The Palmore surname appeared during the earliest years of both Cumberland and Buckingham Counties, Virginia. It was spelled several ways including Palmore, Palmer and Parmer. The Palmores may have descended from one of the Palmer families who lived in 17th century Colonial Virginia. There were at least 15 different adult Palmer males who came to the Colony of Virginia between 1623-1666. John and Thomas Palmer were jointly granted 365 acres of land in Westmoreland County, Virginia on March 23, 1664. In 1667, they were listed as John and Thomas Palmore, landowners in Stafford County, Virginia. Their land adjoined Robert Howson, described as being on the “South Side of Upper Machotique River Dam” near the Horse Path and Bridge. These two citations are important because they show two spellings, Palmer and Palmore, for the same persons during a very early period of time. We have no way of knowing whether John and Thomas Palmore were brothers or father-son. Neither can we prove at this time their relationship with the Palmores who later settled in Cumberland County, Virginia.
One reason why we know less about the Palmores in Virginia is due to the destruction of records in numerous counties, including Buckingham County whose records burned in a courthouse fire in 1869. My information is based on the earliest land patent records and information constructed from court records in Cumberland County plus the surviving tax and personal property records (1782-1870) of Buckingham County that were submitted to the Commonwealth in Richmond. These tax records were not kept prior to 1782. Unfortunately, few private records have survived, which creates a difficult research task.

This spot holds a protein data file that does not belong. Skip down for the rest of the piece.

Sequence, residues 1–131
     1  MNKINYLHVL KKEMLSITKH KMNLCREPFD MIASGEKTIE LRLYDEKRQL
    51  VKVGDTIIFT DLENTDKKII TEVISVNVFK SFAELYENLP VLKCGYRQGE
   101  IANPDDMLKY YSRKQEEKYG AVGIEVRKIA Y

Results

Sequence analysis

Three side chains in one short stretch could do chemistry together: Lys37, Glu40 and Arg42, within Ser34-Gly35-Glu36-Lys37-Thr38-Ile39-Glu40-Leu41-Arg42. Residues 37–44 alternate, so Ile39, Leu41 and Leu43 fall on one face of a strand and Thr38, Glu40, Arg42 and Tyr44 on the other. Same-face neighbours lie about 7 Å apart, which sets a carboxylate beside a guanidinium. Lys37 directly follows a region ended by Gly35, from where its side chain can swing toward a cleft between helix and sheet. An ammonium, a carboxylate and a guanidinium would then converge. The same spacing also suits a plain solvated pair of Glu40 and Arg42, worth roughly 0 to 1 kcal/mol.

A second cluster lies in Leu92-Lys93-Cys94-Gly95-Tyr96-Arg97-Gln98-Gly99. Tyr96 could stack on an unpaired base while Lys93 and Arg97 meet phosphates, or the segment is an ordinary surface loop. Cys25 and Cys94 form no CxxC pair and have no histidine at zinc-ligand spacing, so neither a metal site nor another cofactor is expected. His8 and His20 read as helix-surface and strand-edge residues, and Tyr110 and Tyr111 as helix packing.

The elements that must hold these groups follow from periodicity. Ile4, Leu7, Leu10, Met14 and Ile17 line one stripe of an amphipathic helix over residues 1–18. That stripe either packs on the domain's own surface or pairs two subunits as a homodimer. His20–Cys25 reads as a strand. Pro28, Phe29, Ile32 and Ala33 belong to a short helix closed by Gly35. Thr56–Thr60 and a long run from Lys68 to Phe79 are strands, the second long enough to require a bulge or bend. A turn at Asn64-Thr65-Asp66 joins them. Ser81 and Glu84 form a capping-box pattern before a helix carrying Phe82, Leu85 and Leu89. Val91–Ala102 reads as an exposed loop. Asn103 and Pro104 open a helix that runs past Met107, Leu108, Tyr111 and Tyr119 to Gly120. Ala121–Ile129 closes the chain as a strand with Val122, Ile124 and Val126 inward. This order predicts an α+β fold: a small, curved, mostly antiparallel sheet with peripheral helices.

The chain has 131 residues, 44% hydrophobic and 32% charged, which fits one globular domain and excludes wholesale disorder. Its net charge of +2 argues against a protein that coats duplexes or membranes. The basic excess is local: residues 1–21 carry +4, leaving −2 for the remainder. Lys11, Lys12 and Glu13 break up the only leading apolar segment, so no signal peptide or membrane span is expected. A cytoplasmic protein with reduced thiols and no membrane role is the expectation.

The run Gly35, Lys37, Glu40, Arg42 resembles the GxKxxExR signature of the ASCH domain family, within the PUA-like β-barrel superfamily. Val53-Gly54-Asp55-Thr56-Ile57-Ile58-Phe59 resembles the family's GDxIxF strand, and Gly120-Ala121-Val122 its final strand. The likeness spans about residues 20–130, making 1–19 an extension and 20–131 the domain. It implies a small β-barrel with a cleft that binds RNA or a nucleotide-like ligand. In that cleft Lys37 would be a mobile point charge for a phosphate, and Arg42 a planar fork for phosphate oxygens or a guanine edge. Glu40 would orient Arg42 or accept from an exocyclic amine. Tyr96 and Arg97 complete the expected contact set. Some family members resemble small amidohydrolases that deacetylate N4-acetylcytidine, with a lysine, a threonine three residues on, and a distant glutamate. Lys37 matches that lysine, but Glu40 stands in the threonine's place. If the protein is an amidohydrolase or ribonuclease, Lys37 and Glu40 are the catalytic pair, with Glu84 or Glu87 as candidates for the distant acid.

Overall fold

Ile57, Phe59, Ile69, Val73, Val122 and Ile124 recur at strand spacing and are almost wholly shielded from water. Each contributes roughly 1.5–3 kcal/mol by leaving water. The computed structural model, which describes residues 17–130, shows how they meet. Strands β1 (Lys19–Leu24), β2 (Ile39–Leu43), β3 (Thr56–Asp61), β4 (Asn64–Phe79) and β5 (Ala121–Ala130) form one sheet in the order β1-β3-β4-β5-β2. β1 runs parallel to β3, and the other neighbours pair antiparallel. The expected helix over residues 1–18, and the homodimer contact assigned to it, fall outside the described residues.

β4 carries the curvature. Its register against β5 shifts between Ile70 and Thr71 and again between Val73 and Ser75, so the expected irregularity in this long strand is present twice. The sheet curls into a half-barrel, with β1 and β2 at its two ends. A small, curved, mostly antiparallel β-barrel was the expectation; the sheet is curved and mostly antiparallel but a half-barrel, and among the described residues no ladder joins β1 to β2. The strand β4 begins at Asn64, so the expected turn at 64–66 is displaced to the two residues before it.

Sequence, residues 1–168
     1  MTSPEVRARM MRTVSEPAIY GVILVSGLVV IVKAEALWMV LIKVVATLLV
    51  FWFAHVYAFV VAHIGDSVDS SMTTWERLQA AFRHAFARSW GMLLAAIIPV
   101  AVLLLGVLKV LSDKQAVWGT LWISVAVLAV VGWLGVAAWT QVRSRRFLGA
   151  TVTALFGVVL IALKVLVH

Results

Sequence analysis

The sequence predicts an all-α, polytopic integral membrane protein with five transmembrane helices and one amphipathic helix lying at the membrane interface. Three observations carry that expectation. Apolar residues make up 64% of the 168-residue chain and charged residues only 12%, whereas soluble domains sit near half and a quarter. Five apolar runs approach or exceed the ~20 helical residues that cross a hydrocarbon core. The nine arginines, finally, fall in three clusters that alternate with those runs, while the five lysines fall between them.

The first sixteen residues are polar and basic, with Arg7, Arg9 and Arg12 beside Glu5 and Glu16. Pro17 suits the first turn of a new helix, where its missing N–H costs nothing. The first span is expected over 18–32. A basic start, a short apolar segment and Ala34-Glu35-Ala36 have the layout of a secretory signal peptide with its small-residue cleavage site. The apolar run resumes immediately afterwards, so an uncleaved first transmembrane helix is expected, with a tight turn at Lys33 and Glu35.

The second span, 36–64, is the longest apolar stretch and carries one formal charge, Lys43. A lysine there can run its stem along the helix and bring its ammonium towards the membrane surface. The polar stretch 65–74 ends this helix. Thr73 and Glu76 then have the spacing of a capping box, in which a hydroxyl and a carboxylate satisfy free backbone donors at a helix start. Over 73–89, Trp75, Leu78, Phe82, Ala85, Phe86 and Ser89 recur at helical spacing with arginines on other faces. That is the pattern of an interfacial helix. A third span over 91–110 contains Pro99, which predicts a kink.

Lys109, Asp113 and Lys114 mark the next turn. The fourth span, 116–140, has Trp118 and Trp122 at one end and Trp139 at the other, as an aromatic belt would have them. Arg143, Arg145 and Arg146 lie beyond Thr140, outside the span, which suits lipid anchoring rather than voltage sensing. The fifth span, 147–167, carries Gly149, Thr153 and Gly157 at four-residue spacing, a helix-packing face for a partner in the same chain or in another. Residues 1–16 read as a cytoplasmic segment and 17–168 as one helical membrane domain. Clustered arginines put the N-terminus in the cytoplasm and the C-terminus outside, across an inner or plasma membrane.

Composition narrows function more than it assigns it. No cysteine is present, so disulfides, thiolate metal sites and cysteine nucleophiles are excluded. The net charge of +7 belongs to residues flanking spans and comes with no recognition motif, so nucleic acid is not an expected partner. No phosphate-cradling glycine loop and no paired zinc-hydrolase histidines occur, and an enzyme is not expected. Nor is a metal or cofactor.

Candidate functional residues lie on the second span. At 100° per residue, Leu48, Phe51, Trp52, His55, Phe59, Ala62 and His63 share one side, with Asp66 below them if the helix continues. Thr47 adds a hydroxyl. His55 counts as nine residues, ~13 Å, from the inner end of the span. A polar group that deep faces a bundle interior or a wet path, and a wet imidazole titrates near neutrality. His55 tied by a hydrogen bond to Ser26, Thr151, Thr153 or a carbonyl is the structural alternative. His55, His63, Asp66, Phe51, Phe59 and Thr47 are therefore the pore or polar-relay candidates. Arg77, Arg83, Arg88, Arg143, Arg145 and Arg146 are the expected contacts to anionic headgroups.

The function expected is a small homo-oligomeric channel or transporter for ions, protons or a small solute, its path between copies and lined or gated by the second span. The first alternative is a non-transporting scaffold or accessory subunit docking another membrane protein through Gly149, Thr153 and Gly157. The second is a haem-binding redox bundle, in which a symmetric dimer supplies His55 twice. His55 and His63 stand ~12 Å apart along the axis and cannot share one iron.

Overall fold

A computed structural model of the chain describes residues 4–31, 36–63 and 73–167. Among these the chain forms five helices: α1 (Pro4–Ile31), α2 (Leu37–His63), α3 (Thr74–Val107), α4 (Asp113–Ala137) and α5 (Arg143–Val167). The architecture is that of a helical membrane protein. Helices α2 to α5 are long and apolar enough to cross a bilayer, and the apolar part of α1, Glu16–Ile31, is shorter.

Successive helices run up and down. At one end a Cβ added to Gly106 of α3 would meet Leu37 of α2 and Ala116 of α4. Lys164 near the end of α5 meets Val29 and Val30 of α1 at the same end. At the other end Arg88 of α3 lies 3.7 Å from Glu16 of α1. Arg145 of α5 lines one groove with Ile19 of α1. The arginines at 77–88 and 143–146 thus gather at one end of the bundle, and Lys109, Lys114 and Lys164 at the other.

One James Palmore Sr. was a landowner in Buckingham County before 1782 and until his death in 1796. One John Palmore Sr. died in Buckingham County in 1789. A John Palmore Jr. died in the same county in 1837, after being a land owner from 1782 or earlier. William Palmore of Cumberland County owned land in Buckingham County from 1782 (or earlier) to 1792 when he sold 200 acres to William Johnston Berryman. This may have been the William Palmore who married Elizabeth Boatwright. Isaac Palmore owned land from 1782 (or earlier) until 1828 when he sold to G(arland) Brown. Nixon Palmore owned land in Buckingham County from 1788-1793. Joseph Palmore owned land on David’s Creek, 18 miles west of the Buckingham County Courthouse, from 1782 until his death in 1804-1805. This may have been the Joseph Palmore who married Sally Price, daughter of Joseph Price, July 8, 1774 in Cumberland County, Virginia. The estate of Joseph L. Palmer was not settled until 1838, when it was divided between Ann Bellamy and Polly Bowles (of Tennessee), who both received 100 acres. This land was located 18 miles southwest of Buckingham Court House (then known as Maysville). Isham Palmore owned land in the same county from 1810 until his death in 1823.
The name Palmore surfaced in several adjoining counties. Elijah Palmore married Judith Hubbard on July 24, 1783 in Amelia County, Virginia. Frances Palmore married Benjamin Lewis on March 21, 1791 in Prince Edward County, Virginia. Elizabeth Palmer, daughter of John Palmer, married Richard Marot Booker on Nov. 22, 1770 in Amelia County. Benjamin Palmore settled in Bedford County, Virginia during the colonial period. Marriage records of his nine children, dating from 1790-1819 are found in Bedford County records. A William Palmore filed his will in Cumberland County in 1786. One of his sons was named Fleming Palmore, whose name was passed down to descendants in Cumberland County.
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